Evanston fire department receives record-breaking number of calls in 2011

Marshall Cohen

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The Evanston fire department responded to 9,063 calls in 2011 – the second-highest call volume in the department’s history, according to an annual report released Thursday.

There were no fire-related deaths in 2011, and the average response time for emergency calls was 2:59, more than a minute below the standard set by the National Fire Protection Administration.

“I’m proud of the performance of our firefighters and paramedics and our entire department,” Fire Chief Greg Klaiber told The Daily on Thursday. “These professional men and women respond on a daily basis, and they do whatever is called upon for them to do, and they do a great job.”

The department responded to 157 fires that caused $3,275,058 worth of damage last year, according to the report. Firefighters managed to save 94 percent of the properties involved in structure fires – amounting to more than $57.1 million in saved property.

“When you respond to a fire, a lot of people ask about the damage,” Klaiber said. “Everybody wants to put a damage estimate on the fire in terms of a dollar amount. We look at that but we also look at the amount of property that is saved.”

About 60 percent of all calls were for Emergency Medical Services, according to the report. The department received an average of 25 calls every day.

Klaiber said the massive February 2011 blizzard and a string of major summer storms caused the record-breaking numbers. He also said Evanston’s growing population leads to more fire and EMS calls.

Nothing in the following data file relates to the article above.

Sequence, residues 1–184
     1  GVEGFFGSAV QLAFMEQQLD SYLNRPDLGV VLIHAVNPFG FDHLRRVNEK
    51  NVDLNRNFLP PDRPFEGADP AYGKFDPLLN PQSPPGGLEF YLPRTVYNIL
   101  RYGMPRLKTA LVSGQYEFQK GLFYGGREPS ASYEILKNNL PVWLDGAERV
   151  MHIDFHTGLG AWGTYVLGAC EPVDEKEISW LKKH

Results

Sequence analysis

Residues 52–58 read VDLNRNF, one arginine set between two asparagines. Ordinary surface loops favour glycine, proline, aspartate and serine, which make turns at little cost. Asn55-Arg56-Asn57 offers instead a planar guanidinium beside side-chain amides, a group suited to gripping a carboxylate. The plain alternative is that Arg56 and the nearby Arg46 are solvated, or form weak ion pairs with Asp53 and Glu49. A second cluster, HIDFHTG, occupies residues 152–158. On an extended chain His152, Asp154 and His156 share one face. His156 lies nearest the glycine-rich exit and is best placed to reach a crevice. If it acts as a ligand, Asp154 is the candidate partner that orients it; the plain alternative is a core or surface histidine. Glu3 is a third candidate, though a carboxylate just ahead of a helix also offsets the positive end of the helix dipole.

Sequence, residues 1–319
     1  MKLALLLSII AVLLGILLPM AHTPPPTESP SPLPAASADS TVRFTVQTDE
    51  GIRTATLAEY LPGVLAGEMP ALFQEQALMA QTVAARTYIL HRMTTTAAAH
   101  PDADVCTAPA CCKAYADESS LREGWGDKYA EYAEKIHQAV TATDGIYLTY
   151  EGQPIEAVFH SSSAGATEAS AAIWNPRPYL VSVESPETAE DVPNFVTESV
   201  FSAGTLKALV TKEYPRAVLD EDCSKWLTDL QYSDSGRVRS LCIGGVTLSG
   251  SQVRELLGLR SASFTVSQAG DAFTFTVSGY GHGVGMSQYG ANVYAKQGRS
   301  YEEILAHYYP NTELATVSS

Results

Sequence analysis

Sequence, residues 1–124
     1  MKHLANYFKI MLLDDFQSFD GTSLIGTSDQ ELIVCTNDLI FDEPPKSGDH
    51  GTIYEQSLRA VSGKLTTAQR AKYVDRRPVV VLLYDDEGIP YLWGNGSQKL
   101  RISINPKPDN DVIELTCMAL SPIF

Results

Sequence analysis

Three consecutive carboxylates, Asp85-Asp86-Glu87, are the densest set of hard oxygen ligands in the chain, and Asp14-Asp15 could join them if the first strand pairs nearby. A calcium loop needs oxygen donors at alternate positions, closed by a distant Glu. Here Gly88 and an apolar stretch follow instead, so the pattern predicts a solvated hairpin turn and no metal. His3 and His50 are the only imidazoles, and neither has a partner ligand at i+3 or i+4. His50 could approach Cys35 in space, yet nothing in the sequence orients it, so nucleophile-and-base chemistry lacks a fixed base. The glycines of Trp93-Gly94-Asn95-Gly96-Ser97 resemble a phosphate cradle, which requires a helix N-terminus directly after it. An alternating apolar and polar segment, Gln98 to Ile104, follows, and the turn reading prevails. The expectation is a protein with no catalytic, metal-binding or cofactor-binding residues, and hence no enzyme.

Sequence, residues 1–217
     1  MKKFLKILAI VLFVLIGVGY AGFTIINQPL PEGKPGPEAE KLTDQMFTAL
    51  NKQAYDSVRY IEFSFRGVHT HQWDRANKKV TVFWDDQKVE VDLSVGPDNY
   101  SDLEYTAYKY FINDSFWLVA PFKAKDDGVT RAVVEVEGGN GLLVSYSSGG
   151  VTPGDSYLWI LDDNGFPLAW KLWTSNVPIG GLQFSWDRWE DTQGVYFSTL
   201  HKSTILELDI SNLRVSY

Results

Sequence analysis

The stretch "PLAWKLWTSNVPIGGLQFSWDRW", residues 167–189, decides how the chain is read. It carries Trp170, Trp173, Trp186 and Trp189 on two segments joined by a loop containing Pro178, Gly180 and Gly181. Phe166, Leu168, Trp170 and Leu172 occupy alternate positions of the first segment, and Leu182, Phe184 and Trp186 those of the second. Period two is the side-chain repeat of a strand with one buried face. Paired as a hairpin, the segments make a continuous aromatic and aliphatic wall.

“It’s not really a town anymore – it’s a small city,” Klaiber said. “We have constant action, people in and out of town all day long, even into the night. There are more people in downtown Evanston and that has a lot to do with it.”

Other highlights of 2011 included a $253,000 donation from Northwestern that helped the department purchase a new ambulance.

In an interview with The Daily on Wednesday, retired Battalion Chief Don Kunita thanked University President Morton Schapiro for his commitment to public safety.

“He saw to it that the University made efforts to help our fire service fleet – it’s always aging and needs equipment and updating,” Kunita said. “I’m glad the cooperation is there between the University and the city because that is really important.”

Also, a new aerial ladder truck went into service in 2001, according to the report. The new truck, which replaced a 21-year-old truck, was secured by grant funds and cooperation with the city’s fleet management.

The Evanston fire department also launched the File of L.I.F.E. program last year. The program encouraged residents to store information packets with critical emergency medical information in their freezers for first-responders to use.

The department also mandated wellness and fitness programs for all 110 members in order to reduce on-the-job injuries and address risk management issues.

The past year was productive and the fire department accomplished many of its goals, Klaiber said.

“It was an excellent year,” Klaiber said. “I couldn’t be more pleased or proud with how we handled 2011 and how we responded to the needs and demands of our community.”